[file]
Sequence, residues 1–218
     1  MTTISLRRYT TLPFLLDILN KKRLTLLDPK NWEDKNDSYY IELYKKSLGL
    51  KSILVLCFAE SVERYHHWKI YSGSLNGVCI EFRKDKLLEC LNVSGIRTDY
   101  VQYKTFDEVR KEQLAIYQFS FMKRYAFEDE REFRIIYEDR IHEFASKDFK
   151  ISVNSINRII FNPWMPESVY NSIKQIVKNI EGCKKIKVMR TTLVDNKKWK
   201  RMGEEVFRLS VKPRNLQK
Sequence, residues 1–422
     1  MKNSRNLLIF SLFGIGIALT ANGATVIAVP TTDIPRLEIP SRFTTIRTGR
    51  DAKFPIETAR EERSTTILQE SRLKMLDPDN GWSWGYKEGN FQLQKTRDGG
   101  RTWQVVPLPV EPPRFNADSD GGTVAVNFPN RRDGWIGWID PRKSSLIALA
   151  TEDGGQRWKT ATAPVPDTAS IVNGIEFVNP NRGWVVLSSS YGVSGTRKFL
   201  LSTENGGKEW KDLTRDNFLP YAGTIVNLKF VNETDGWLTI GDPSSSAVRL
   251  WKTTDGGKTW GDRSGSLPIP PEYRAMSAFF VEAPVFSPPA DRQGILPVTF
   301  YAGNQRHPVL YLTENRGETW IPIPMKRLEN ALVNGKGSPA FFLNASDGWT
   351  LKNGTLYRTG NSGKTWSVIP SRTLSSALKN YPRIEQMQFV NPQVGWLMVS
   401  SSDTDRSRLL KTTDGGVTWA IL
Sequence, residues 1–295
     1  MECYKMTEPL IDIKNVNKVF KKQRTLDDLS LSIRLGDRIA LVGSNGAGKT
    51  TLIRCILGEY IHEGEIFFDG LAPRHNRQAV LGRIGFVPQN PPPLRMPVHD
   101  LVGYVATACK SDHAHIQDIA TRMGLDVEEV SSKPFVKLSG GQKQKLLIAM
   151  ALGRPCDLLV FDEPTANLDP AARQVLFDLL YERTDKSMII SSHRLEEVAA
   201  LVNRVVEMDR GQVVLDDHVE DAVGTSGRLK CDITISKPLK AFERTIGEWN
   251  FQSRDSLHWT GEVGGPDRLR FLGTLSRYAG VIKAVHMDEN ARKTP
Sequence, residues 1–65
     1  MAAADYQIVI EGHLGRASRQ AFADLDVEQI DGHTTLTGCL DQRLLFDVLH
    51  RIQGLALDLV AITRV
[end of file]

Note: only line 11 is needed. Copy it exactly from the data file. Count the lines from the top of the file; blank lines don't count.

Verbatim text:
   151  TEDGGQRWKT ATAPVPDTAS IVNGIEFVNP NRGWVVLSSS YGVSGTRKFL